Two middle school principals knowledgeable about UDL were chosen to participate in the UDL Implementation Project. Sandra Reid, principal of Pine Grove Middle School, has cultivated an environment where there is an expectation for continuous for improvement. She believes that the UDL framework helps promote growth and effectiveness for both teachers and students in a seamless way because of the school’s culture.

Professional Learning Communities (PLCs) Are Instrumental

Professional learning communities at BCPSPrincipals at both schools worked with interested teachers to select and create PLCs. At one of the schools, a strong instructional leadership team helped choose the members of the PLC from different content areas. They were given time to meet during the school day, opportunities to work with UDL coaches and the UDL facilitator and they met regularly with educators from the other school.

According to Burke, the development of PLCs at the schools was instrumental in supporting the implementation of UDL. Having a UDL facilitator who had previously been a consultant and teacher at BCPS was a unique and positive factor in the success of the PLCs at BCPS. She was a trusted member of the community of district leaders which allowed her to get started immediately embedding support structures and procedures for smooth communication between the district leaders, the PLCs, and UDL Implementation district team members. Another key action – professional development for curriculum content chair people – ensured that they understood the UDL principles enough to create an environment for the teachers in the PLC to experiment and take risks during the new initiative.

Video: William Burke on developing Professional Learning Communities



A challenge for UDL Implementation involved introducing it as a new initiative. It was necessary to convince educators that the district was committed to using UDL as a framework and that it was here to stay. One way that the principals worked to solve this challenge was through the work of the PLCs. The members of the PLCs were excited by their own professional growth and the growth in their students. They communicated their enthusiasm for the change to the other educators at their school. Cross-curricular teachers worked together to develop and share lessons with each other. As part of the “Something Fabulous” activity, initiated by the UDL facilitator, they created a “documentary” video to share their discovery of UDL and their professional development journey with educators throughout the district. They filmed their visits to each others' classrooms, and their reflections on their lessons to show the process. The video is a model and instructional tool for everyone and an example of teachers driving their own professional development.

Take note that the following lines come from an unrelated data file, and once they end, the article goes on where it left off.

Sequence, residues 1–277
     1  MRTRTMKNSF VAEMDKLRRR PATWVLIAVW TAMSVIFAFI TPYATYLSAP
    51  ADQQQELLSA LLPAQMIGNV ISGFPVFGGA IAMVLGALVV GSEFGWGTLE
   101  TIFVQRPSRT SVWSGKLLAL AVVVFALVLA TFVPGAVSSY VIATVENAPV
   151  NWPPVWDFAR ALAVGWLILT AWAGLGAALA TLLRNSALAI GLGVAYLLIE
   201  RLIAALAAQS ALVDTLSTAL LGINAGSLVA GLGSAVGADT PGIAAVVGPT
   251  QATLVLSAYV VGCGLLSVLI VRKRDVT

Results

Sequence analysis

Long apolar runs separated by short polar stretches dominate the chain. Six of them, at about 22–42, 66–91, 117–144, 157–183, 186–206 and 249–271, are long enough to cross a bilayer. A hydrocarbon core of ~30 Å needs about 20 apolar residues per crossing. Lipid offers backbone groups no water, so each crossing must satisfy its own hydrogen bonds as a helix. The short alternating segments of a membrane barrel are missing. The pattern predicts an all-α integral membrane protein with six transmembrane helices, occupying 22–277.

Nicole Norris“The ownership and pride in the work they are doing together and for each other has created momentum for embracing UDL in their school,” reports Nicole Norris, principal at Lansdowne Middle School.

The success of the PLCs during the UDL Implementation Project stemmed from several changes that were made in their focus and make up. Previously PLCs were team meetings aggregated by content or grade level. For this project the PLCs were cross-curricular groups centered on an investigation of the UDL framework. They had an agreed-upon vision for their work and were mutually accountable for its success. Supported by UDL coaches, members of the PLCs shared lessons planning, observed each other’s classrooms and provided feedback to each other. Because the PLCs were cross-curricular they were not focused on building content level expertise, but rather on enhancing teaching practice expertise.

Video: Nicole Norris on supporting Professional Learning Communities


Professional Development Must Be a Model of UDL